If the ends of the rolled pork are uneven and pork belly or pork shoulder is hanging out, use a kitchen shears to trim the ends of the belly or shoulder so they are even.

Transfer the porchetta to a wire rack set in a rimmed baking sheet or roasting pan. Sprinkle a light layer of salt on top. Refrigerate the pork uncovered overnight.

The next day, bring the roast to room temperature for 1 hour.

Preheat the oven to 450 ºF (232 ºC)

Put the porchetta in the oven and roast for 45 minutes.

Turn the heat down to 325 ºF (163 ºC) and continue to roast the porchetta until a thermometer stuck into the middle of the roast registers between 150 ºF (66 ºC) and 160 ºF (71 ºC). This will take around 2 to 2 1/2 hours more.

Let the porchetta rest for 30 minutes before slicing thinly.

To reheat porchetta leftovers the next day, heat up slices under the broiler until the fatty layers are soft and supple again.


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26 thoughts on “Crispy, Fatty, Melt-In-Your-Mouth Porchetta”

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  1. Wow that looks devine. Too time consuming for me, but if you cook it for me, I’ll be there in a heartbeat!

  2. Heck yeah! Pork wrapped in pork – looks beautiful.

    I can see how this could be adapted to other things. Meatloaf wrapped in porkbelly; chicken or quails wrapped. Even a salmon.

  3. If you can’t find pork belly at regular supermarkets, try an Asian grocery.

  4. maybe porkbelly wrapped in porkbelly!

    At the Italian restaurant where I work we have tried to sell an “authentic” porchetta made from a nice whole organic pig, A lot of work and I don’t recommend trying it unless you are very dedicated and skilled with a boning knife and pig musculature!

    Our customers didn’t understand it and frequently returned it for “too much fat”. I guess we need more primal diners!

  5. A family member made this for our Christmas dinner last year, and it was truly awesome! We used the recipe (similar to this one) from Molly Steven’s excellent cookbook “All About Roasting: A New Approach to a Classic Art.”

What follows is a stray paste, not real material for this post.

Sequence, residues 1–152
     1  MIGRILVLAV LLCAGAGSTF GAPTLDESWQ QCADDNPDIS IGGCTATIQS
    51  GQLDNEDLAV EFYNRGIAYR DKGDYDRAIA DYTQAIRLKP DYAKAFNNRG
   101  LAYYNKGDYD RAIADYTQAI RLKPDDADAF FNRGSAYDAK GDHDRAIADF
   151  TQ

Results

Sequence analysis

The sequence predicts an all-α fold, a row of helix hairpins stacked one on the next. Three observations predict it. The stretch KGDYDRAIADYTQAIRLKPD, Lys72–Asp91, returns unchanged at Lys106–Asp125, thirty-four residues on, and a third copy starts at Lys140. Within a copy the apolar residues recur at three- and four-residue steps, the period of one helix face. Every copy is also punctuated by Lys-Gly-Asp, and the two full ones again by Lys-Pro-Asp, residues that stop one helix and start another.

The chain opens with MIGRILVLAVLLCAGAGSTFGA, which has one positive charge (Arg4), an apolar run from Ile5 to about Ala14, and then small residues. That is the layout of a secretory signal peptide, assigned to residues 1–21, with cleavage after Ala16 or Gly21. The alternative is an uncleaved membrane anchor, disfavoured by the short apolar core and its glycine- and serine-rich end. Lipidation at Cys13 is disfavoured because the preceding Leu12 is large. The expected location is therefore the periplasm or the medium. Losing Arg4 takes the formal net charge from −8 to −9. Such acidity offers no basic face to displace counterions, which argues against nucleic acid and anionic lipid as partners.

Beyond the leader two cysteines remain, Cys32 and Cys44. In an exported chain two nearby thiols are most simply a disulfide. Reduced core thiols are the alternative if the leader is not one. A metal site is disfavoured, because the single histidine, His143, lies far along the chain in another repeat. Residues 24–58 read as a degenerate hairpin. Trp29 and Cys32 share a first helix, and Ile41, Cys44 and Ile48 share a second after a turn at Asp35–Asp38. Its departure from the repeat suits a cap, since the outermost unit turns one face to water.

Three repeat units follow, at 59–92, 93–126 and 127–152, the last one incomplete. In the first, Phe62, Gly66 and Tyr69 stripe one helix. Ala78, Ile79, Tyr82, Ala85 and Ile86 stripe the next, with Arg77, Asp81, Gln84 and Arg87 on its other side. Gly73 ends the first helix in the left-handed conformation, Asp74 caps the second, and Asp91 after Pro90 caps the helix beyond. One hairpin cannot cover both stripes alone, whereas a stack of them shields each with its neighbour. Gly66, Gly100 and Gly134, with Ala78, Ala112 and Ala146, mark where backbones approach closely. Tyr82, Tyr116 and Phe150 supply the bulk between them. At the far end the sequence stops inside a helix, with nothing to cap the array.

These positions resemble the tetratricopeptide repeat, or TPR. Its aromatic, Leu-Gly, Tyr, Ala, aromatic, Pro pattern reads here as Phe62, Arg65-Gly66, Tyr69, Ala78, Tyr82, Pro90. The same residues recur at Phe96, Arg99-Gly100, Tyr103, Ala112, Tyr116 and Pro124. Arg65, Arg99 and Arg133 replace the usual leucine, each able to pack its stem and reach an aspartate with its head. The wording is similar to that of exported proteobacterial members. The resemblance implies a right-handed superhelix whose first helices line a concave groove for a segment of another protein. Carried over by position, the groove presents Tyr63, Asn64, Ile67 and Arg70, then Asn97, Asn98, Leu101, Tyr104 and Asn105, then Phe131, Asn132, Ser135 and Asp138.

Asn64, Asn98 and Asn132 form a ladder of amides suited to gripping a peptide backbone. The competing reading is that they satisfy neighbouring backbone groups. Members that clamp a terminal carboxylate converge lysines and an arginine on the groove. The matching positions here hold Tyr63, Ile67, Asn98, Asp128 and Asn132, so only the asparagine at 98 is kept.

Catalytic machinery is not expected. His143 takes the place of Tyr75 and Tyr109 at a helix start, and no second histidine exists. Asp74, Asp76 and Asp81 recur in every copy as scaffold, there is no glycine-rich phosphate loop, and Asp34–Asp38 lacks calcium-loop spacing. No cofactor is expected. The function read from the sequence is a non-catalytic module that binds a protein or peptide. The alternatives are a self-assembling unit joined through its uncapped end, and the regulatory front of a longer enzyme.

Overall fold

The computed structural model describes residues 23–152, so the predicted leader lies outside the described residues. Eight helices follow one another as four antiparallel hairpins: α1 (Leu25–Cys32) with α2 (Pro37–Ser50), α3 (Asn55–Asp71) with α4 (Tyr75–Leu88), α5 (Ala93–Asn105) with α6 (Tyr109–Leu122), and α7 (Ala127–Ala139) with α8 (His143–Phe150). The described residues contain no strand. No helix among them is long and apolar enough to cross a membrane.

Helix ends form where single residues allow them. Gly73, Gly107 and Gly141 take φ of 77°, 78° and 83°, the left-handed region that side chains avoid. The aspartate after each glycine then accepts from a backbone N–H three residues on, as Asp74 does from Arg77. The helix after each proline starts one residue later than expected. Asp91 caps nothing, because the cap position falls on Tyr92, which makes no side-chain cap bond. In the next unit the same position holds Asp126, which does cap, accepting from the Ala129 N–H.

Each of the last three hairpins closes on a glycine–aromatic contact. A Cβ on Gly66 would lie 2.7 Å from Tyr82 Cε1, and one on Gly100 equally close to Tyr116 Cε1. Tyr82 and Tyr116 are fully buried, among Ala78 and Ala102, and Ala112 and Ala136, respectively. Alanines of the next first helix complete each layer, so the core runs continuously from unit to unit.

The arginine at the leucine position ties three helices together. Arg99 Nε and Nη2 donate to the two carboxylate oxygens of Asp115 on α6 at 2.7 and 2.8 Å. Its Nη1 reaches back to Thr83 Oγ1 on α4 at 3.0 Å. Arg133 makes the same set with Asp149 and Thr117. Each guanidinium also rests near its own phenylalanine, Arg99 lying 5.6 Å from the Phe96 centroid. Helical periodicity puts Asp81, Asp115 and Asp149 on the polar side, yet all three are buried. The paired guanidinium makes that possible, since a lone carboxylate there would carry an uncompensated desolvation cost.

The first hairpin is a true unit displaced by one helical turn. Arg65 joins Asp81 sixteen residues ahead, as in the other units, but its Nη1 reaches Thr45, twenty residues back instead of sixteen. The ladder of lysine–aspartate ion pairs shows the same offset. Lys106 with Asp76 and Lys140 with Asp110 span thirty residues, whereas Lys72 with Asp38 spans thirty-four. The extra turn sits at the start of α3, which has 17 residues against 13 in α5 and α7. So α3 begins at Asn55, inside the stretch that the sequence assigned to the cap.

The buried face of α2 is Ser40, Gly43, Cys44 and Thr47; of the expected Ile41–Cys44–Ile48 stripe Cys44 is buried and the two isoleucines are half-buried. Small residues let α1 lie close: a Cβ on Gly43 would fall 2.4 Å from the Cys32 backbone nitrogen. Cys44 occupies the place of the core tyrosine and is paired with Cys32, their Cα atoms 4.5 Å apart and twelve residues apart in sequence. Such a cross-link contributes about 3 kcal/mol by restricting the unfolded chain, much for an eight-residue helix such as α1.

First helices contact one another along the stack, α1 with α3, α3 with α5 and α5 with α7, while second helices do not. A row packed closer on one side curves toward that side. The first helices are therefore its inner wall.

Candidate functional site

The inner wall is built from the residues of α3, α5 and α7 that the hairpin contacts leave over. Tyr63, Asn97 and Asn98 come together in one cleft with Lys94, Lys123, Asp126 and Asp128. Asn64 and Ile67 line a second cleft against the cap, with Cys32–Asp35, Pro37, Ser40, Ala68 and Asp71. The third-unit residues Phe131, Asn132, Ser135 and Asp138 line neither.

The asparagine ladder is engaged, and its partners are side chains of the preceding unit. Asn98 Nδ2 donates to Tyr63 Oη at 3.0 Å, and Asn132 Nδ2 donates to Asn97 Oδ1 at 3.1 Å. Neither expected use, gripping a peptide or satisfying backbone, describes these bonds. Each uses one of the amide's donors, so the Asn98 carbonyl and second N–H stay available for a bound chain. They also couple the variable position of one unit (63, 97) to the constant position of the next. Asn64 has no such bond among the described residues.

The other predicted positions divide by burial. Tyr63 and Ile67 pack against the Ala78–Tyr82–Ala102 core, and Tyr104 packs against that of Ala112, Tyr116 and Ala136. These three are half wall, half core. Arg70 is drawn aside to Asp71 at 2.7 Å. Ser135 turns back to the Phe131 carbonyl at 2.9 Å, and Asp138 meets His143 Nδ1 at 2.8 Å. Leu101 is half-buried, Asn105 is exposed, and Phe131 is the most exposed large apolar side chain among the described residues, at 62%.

6. Recently had some porchetta made from a boned out and rolled pig FACE. Phenomenal. Went great with the grass fed beef heart tartare and bone marrow.

  7. Wow! This really looks delicious!!! Although, it really needs a lot of effort, at least it will still be worth it! HA HA. Makes me hungry right now. Hmm.

  8. Yum – looks lovely! Sounds like it would be good with sage, apricots, maybe pine nuts? Will definitely give it a try, thanks Mark.

  9. I am so going to my local farm shop – they’re about the only place I can think of that I’d be able to get the pork belly for this, they work with local farmers and butcher everything on site!!! Am so looking forward to trying this!! 🙂

  10. Fabulous! We just put one together using wild boar. Can’t wait to roast it!

  11. Made it on Sunday. It was awesome, I wish I could post a pic. As usual, there’s always deviations from the recipe, but I didn’t trim the pork shoulder that was hanging on the outside of the pork belly roll (why waste it, for aesthetics maybe?) And I dusted the outside with a special fennel salt I picked up, instead of just plain salt. Perfect!

  12. Proper Porchetta is made from the head of the pig. It is also gets vacuum sealed and cooked Sous Vide.

    1. Don’t think they had Sous Vide cookers back hundreds of years ago ….

  13. This is traditional food from the region I grew up in! Countryside near Rome. The recipe is very close to the original: sea salt, pepper, garlic “in its shirt” and fresh wild fennel flowers (not seeds). The difference is that traditionally we roast the whole one-year-old (female) pig in a wood oven. So I am afraid i must contradict Aaron’s comment above: Head, vacuum sealed, sous vide? neee: This is a thousands-year-old recipe, from the times of the Etruscans and the Romans 😉

  14. Do you think I could make this with a shoulder roast and fat back instead of pork belly? I just bought some pastured fat back (unsmoked) and I have no idea what to do with it. I’d really like to do something more interesting than make lard out of it.

  15. Any Latino meat market should have pork belly available, too. It’s usually sold in thick slices but if you ask for a whole one, they’ll likely have it.